"Transgender Tuesdays" is a documentary splintered over a few topics. One part of the film focuses rather sharply on the history of the transgendered community, depicting a community without today’s levels of awareness and resources. The other segments focus on various events and conditions that affect the community, such as the AIDS crisis, general health care, and the current legislative state of transgendered rights. Much of this is achieved through interviews with members of the community from different generations dating back to the 1940’s.
What the narrators’ stories illustrate is a time period where not only was there nothing known about what it means to be transgendered, but also there was nowhere to go for proper care. Abuse and discrimination has steadily been a constant in the lives of transgendered people, and it was very effective to see the statistics and facts flashed between the interviews confirm that very little has changed in the legal or medical landscapes for the community over the last century. The transgendered people of America still inhabit a stark, ostracized place in our society.
The biggest success of the documentary was the focus brought in each segment on the different environments that the narrators described having left a lasting positive effect on them. With a continued scarcity in transgender resources and safe places to receive treatment and support, it is important to identify the type of programs and centers necessary to meet the community’s needs. This was done through real people explaining what was comforting to them about the scarce help they received throughout different decades of the LGBT rights movement.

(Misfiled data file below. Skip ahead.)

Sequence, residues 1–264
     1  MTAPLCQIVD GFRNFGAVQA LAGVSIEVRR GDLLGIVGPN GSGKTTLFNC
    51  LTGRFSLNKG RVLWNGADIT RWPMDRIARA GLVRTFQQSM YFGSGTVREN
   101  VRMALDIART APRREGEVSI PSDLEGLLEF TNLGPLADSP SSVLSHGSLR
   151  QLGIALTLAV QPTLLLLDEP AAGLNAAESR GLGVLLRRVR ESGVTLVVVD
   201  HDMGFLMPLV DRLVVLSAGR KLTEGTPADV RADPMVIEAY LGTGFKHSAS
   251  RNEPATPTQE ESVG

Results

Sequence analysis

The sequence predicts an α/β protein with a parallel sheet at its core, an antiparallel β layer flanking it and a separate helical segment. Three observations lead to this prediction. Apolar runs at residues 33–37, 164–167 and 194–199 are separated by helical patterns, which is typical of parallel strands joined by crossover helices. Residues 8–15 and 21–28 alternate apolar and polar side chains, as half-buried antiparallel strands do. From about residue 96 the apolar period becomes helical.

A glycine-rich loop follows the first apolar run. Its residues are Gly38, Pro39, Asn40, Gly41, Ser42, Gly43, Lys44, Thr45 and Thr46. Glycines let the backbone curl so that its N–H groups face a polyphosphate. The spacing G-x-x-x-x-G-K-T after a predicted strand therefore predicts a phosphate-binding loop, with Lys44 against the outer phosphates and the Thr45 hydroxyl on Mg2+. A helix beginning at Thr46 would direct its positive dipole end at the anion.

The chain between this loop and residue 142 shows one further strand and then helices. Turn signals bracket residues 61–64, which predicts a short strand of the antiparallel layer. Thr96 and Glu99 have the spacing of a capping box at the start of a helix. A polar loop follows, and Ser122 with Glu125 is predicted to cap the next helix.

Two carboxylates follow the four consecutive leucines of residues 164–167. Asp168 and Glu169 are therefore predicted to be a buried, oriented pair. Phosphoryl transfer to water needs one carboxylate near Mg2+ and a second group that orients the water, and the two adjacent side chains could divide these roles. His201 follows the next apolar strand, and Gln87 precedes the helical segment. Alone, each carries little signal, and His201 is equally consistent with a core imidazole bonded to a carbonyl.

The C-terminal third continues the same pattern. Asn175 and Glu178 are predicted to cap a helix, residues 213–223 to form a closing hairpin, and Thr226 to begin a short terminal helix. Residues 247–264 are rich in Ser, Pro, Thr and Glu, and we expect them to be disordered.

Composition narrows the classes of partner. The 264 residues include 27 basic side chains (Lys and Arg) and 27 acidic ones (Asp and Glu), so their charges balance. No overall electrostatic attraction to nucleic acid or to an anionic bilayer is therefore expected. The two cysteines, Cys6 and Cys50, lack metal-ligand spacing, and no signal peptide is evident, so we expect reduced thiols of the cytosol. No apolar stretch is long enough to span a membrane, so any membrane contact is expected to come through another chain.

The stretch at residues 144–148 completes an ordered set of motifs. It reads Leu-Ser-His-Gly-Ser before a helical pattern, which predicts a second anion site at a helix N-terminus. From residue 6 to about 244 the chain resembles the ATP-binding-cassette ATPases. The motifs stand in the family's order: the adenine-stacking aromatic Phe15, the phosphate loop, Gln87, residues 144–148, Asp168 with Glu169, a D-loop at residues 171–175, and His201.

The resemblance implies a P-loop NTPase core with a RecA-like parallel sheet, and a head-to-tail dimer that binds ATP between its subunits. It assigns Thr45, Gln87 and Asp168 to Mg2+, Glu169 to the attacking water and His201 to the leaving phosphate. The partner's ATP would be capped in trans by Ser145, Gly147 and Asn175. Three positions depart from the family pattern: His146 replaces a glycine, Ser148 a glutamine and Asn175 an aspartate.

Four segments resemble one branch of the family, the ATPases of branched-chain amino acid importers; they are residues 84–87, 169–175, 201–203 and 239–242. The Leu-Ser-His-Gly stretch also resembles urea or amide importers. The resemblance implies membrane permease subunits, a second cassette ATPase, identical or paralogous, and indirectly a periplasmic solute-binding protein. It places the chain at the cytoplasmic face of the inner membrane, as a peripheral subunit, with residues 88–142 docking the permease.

Despite many of these stories being significantly touching and fascinating in shining a light on an underrepresented community, the documentary largely fails to filter these stories through an effective narrative lens. The narrators speak with a winning informality that rings of sincerity, but with little else happening in the film other than the occasional statistic that can be mostly found in one survey, it lost out on a chance to funnel these important stories towards a clear goal.
This is a trap that many such documentaries that rely on interviews from members of a community fall into. Stories from different eras are important to document, especially for a community such as the transgendered one that has so little media or literature with which to learn of its history. However, by the end of the film there wasn’t much to walk away with other than the news that the transgendered people of America still face discrimination and are undertreated. For the audience likely to watch this documentary, this is not exactly new information.
In the end, however, even with its weaknesses, "Transgender Tuesdays" excels in drawing sincere, illuminating stories from different age groups within the transgender community, and that, in itself, is an important feat. It’s telling that the biggest disappointment I felt with the documentary was that there wasn’t enough information. This is a historically underrepresented, misunderstood demographic that needs society’s awareness and help more than any other group, so any effort to bring this to light by including real people and their histories must be commended. Perhaps future films will be able to incorporate the genuine approach of this documentary with a more informative format.
This article is part of our "Miami Gay And Lesbian Film Festival" series. Want to read more?
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